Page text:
Same thing goes for the second quote: if the church learns of abuse, it cooperates with civil authorities to report / investigate the abuse. But part of cooperating with civil authorities is following the law, which may protect privileged communications made to clergy members. 

I'm pretty sure that you know all this already, so I'm not sure why you are trying to wrest these quotes to mean something that you know that don't mean.

 

 

 

Edited by Amulek

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16 minutes ago, ALarson said:

Yes, I believe it can.  I believe that someone who is abusing another person and confesses should be aware that the authorities will be contacted as has been stated by our church leaders and already quoted:

Or do you disagree with these statements?

I think you are taking a public statement of general application that addresses allegations of abuse from the victim or other concerned party and improperly applying it to a scenario where the privilege is implicated.

Are you suggesting that the Church has abandoned the privilege?

Thanks,

-Smac

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Posted (edited)
10 minutes ago, smac97 said:

In the context of reports of abuse from victims, yes ("The church teaches that victims of abuse should report it to their bishop..."). 

But that's not what these statements from our church leaders are saying:

Quote

The Church has a zero-tolerance policy when it comes to abuse. This means that if we learn of abuse, we cooperate with civil authorities to report and investigate the abuse.

Quote

 

Child protection policy in the LDS Church:

The LDS Church states that abusive behavior, whether physical, sexual, verbal, or emotional, is a sin and is condemned unreservedly by the church.[48] The church teaches that victims of abuse should report it to their bishop, and should be assured that they are not to blame for the abuse. Abuse of any form should be reported not only by the bishop but also by the victim to local law enforcement.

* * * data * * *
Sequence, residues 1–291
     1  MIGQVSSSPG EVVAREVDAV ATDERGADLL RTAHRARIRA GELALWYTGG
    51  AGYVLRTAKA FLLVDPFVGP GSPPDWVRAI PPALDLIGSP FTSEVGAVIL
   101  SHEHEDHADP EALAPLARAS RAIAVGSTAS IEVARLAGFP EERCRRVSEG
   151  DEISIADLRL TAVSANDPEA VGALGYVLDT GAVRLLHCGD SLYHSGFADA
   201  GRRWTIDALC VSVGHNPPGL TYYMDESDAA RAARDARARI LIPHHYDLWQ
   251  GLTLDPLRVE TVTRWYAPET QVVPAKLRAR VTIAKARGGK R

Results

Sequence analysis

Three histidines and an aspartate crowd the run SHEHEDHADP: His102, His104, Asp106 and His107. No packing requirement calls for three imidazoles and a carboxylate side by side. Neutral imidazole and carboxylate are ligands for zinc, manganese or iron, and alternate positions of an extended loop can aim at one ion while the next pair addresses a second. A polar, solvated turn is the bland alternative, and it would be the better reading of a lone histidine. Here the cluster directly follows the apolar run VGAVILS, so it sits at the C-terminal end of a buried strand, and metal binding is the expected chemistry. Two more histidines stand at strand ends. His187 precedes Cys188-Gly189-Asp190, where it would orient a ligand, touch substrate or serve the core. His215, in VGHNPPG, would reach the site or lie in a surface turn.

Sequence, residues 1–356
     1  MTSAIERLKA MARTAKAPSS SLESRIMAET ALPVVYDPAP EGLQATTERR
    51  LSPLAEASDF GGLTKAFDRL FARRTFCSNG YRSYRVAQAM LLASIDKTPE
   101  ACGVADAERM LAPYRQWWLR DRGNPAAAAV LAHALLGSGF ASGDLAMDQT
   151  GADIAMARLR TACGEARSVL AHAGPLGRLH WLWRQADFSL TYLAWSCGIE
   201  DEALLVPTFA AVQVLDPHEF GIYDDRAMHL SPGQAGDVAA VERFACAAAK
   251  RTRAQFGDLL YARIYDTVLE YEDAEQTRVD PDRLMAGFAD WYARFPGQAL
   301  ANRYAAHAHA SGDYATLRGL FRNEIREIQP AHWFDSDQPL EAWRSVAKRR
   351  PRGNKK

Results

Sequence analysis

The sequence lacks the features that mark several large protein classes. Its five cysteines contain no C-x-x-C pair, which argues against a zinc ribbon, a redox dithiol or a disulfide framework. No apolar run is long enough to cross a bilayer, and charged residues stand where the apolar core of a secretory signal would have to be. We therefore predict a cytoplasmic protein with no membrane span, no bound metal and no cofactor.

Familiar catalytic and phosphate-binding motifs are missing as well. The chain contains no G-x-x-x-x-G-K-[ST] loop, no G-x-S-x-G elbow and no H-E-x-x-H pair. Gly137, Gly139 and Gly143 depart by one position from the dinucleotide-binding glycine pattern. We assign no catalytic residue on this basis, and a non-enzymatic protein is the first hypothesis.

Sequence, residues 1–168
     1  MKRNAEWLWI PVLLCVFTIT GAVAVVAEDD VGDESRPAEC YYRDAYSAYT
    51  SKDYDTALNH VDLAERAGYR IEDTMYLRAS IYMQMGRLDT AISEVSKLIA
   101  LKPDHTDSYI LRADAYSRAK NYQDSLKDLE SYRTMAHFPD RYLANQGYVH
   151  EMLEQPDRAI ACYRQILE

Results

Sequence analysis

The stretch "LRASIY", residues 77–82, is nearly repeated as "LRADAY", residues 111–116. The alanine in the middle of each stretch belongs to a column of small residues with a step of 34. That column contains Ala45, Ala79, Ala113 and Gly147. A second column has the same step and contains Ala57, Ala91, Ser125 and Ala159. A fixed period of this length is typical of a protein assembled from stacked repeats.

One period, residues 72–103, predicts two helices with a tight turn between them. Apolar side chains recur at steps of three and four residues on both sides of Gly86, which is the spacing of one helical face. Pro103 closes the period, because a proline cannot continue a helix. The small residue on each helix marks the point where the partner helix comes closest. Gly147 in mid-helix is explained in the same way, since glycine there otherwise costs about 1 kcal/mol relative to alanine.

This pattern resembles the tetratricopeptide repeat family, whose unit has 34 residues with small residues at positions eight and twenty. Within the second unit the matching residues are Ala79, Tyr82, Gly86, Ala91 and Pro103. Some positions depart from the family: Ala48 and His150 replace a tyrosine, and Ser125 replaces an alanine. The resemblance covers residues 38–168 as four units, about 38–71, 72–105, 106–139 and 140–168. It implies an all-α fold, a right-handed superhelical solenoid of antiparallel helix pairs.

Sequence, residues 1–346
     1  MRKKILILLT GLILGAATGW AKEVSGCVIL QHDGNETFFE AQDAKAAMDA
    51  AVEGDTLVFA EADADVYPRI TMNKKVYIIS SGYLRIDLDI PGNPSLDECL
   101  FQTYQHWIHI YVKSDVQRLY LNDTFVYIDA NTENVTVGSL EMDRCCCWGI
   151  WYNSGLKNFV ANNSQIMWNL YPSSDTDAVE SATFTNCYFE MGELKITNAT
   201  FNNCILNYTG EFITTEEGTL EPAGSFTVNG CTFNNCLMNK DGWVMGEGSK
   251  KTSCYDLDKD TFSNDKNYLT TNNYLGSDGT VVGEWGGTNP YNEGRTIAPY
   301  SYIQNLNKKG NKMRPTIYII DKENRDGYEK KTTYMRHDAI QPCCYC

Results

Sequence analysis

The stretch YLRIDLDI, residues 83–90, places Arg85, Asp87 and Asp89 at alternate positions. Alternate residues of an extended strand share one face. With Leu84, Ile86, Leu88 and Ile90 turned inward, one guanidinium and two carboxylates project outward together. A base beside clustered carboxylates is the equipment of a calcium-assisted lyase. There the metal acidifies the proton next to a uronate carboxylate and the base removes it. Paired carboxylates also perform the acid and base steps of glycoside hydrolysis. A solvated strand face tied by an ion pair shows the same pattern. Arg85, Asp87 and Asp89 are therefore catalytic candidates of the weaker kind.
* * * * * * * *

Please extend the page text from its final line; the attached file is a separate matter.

Those are very clearly stated, IMO.  The church does not just teach that only the "victims of abuse should report it to their bishop" (unless you believe they misspoke and meant something different than what is quoted above?).  Who do you believe the "we" is in the first statement?  And, the second statement specifically name "the bishop".  

Edited by ALarson
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Posted (edited)
21 minutes ago, MustardSeed said:

Well if I tell my shrink today that I am abusing children, the police will be called.  That is explained to me in my first session.  

If my therapist doesn’t report me, she can lose her license. 

Maybe that interrupts some confessions, but you’d be surprised how it often doesn’t. 

Yes, and that would apply even if that was in the past. That does not appear to apply to clergy in the state of Utah. I would support changing the privilege law to be removed in this specific case but the law does not have that exemption right now.